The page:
part of what really concerns me about the portrayal (or the background assumption) of the digital world as socially progressive, or hospitable to the left, and so on, is its easy adoption of terminology that many of us working in these areas prior to the digital have worked so hard to resist. not just "native," but "literacy," "development," and quite a few others. it reminds me of the cruel use of "gay" to mean "unacceptable" or "bad" or "not masculine" in so much of culture (especially youth culture) today. these are indicative of backwards movement in the cultural sphere, not forward. That is not to say that today's youth are more homophobic than young people were two decades ago--I think there is statistical evidence suggesting otherwise--but there is something very troubling about the easy acceptance of such negatively-charged terminology.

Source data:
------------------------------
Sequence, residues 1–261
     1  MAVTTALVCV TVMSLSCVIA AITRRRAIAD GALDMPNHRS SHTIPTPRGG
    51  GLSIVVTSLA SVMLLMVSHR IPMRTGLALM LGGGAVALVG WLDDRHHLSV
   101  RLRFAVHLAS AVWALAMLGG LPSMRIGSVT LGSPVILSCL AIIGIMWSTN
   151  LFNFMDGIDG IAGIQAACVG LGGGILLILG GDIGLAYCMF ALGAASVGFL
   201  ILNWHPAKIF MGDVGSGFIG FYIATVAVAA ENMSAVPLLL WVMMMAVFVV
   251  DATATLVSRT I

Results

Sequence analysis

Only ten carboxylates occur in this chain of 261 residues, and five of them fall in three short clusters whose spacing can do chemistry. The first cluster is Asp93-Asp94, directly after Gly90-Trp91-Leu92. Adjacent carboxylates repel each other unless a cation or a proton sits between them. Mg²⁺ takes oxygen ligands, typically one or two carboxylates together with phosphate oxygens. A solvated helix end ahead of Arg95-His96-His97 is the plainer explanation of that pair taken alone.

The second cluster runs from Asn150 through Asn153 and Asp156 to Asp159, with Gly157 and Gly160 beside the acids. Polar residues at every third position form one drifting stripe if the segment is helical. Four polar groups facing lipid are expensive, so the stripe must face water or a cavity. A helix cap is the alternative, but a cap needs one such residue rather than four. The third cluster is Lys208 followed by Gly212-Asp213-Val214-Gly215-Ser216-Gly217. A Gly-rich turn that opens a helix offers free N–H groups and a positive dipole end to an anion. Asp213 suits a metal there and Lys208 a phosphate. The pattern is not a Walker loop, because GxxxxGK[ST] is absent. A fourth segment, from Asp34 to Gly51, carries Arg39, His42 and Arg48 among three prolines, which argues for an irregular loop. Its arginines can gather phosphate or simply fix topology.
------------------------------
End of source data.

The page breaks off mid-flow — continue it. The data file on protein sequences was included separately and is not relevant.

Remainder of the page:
I will reiterate that I said "reminds me"--I don't think that those who say "digital native" have anywhere near as overtly cruel a mindset as teenagers saying "gay" to mean "bad"--but it's somewhere on the same spectrum.
  • reply two: on the question of indigenous resources in DH.

    This is part of the topic of my DHPoco blog post, "Postcolonial Studies, Digital Humanities, and the Politics of Language," I agree with much of what Jon Ippolito writes, but I think it misses a bit of the major crux that this issue raises for DH. What we normally call "humanities" work is being openly done as a part of ordinary digital resource development in many indigenous communities worldwide. In addition to the resources Jon mentions for Australia, one might also look (among many, many others) at indigenous government sites (, the ABC Indigenous site (, the Australian Institute of Aboriginal and Torres Islander Studies (, and the many links these lead to, some created by the communities, some created by other interested parties.

    None of these, or the resources Jon mentions, are labeled DH as far as I can tell.